Beginning at the end of May or early June, Dallasites will have a new and unique radio station. KERA-FM, 90.1 on the dial, will be the city’s first public radio outlet and will provide a welcome relief from the inane, shrill banter of jingles and jive from the top-40 jocks that seems to explode in your ear from every other station.
Public radio has no commercials. It is funded by a variety of foundations—mainly the Corporation For Public Broadcasting and the Public Communication Foundation for North Texas—and will be affiliated with KERA-TV, Channel 13. About 30 percent of the budget will come from listeners.
Station manager Bruce McKenzie and program director Tony Garrett hope to give Dallas listeners a literate, though not highbrow, station that will broadcast programs ranging from the weekly city council meeting each Monday afternoon to “Lum and Abner.”
“A regular station’s goal is to sell their audience to an advertiser. Our goal will be to sell ourselves to our audience,” said the 27-year-old McKenzie. “We will sign on at 6:30 with a morning block of talk and commentary with five-minute newscasts on the hour. Some weeks we will devote the entire week to one local issue. Hopefully, listeners will call in and provide a dialogue that will be lively and thought-provoking.”
In the evening, KERA-FM will simulcast Channel 13’s popular “Newsroom” and will continue broadcasting the listener response feedback portion of the program after the 30-minute show has ended. Following “Newsroom” will be some of the old time radio classics: “Lum and Abner,” “Lux Radio Theatre,” and the excellent CBS Mercury Radio shows that were produced by Orson Welles.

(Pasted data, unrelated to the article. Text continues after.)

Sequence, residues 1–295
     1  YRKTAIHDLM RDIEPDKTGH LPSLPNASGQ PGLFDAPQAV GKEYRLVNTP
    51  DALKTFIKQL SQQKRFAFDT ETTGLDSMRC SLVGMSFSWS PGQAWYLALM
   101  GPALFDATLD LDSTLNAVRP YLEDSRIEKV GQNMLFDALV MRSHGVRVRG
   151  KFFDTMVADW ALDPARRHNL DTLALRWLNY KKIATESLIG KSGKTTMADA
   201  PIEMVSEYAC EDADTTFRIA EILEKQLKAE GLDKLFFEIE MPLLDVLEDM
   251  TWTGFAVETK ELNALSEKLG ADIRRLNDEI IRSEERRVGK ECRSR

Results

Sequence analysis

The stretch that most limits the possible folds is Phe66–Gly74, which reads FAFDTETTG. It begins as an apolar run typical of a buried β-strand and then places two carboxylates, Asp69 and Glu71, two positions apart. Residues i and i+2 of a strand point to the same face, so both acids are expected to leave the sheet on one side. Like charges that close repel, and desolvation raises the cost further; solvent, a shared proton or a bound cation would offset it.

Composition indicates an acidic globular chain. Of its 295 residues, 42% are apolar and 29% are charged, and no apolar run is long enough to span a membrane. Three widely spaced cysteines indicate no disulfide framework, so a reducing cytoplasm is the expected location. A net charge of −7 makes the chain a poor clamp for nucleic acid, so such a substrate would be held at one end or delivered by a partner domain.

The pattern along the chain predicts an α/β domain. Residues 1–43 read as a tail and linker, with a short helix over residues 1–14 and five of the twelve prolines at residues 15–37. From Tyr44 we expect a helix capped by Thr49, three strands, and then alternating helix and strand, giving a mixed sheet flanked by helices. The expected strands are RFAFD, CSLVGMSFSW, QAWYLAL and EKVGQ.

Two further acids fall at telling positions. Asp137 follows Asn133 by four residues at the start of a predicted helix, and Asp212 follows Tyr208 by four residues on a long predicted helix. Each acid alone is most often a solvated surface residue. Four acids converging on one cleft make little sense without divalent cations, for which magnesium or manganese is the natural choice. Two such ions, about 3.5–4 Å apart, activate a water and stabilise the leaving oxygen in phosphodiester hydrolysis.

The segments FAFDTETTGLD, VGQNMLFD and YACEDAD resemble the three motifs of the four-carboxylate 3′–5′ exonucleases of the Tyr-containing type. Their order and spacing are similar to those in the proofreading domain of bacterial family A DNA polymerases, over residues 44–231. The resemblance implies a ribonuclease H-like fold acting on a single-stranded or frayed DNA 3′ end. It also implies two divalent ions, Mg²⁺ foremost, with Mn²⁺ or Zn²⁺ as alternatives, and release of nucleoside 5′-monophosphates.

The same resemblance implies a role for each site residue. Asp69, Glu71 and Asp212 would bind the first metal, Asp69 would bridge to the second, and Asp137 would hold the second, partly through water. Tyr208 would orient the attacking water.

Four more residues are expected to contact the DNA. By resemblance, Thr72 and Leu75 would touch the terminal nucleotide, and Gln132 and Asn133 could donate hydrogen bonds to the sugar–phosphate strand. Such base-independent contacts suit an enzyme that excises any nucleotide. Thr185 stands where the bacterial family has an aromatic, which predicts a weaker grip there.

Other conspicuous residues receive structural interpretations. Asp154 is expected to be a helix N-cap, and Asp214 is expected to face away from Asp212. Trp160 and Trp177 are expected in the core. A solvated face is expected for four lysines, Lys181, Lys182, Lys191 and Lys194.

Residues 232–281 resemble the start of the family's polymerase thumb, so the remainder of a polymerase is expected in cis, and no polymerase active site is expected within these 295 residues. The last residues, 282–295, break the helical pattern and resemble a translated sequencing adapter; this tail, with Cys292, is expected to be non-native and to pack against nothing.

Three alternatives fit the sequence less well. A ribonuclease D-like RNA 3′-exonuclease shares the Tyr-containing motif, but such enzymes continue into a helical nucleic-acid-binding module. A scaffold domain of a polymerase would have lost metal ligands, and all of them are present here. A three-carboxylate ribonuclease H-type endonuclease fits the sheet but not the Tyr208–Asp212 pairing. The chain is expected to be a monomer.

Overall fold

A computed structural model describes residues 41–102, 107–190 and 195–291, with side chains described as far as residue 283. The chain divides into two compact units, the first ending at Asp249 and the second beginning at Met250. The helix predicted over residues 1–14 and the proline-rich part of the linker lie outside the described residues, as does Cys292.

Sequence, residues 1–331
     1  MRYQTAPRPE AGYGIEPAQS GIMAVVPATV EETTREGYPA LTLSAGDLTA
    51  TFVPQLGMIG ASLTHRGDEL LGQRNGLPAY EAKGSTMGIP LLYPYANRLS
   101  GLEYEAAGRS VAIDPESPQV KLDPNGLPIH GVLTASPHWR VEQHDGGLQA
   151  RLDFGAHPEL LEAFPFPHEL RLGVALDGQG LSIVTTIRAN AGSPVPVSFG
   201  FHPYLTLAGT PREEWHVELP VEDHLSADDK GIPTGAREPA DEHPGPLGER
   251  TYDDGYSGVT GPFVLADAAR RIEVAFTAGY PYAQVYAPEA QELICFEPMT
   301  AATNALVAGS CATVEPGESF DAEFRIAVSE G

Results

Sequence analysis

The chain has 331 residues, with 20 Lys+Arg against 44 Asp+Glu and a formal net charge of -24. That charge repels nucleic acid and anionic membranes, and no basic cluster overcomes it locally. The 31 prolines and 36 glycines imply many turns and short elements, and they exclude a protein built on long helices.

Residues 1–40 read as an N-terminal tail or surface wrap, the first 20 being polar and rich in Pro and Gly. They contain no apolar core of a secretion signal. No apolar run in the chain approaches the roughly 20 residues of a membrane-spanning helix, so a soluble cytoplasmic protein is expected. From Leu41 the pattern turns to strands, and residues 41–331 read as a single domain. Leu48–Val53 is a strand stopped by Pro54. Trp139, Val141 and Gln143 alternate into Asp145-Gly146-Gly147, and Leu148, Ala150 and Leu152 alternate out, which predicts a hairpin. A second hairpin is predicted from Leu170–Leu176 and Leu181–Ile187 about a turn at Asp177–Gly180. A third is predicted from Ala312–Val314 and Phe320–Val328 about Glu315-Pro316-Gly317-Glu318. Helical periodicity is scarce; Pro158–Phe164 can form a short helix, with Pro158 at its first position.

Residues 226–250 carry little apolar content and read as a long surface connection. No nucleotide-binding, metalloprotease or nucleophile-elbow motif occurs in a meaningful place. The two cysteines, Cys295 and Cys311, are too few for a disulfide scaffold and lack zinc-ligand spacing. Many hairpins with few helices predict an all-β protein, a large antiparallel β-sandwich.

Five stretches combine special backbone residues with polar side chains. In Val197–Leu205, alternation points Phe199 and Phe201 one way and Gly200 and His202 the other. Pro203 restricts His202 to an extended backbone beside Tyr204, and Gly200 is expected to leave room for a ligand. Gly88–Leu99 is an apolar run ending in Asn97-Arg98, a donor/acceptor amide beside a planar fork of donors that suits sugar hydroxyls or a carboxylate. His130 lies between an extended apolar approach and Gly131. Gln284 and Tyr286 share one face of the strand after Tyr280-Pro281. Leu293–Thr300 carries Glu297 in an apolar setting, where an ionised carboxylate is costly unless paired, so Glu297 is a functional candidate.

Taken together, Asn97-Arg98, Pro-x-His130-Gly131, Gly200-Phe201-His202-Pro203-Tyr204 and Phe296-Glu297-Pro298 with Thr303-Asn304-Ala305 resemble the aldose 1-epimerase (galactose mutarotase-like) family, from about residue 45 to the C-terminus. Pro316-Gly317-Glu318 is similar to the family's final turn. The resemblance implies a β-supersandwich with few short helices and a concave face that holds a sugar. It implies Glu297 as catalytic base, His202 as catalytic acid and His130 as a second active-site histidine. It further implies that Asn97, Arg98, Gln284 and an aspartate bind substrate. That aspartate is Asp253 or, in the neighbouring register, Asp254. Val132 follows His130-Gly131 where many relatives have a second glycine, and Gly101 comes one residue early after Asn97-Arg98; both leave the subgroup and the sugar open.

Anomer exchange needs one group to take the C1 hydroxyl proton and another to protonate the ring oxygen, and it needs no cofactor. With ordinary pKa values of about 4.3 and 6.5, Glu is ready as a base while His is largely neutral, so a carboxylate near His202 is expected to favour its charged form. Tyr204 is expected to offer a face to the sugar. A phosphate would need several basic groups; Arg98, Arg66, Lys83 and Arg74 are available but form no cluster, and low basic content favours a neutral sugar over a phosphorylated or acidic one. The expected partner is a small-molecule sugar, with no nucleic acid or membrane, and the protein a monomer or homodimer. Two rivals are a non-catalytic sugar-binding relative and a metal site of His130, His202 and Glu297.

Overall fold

Jazz fanatics will welcome the nightly 10 p.m.-1 a.m. show done by Cowboy rookie tight end, Gene Fugett. Also during the week will be offerings from National Public Radio, including Jean Shepherd, Studs Terkel, and the outstanding single program on any network, “All Things Considered.” After attending Yale on a Woodrow Wilson Scholarship, an aborted trip to graduate school, and a 1970 tour in Viet Nam, McKenzie began working in public radio in Boston before coming to Dallas.
“One of the problems of public radio is that it lacks identity. You can’t describe the station in one phrase like ‘top 40’ or ‘middle-of-the-road.’ Some like KUT-FM in Austin tend toward fine arts. We hope to be more of a magazine format and try to avoid the ear-wash of most other stations.
“Just so things don’t get too serious we will occasionally schedule on Saturday something offbeat like a full 18 hours of barbershop quartets or bluegrass. Maybe 18 hours of Gershwin or the entire 1812 Overture. I want people to get something out of our programming.”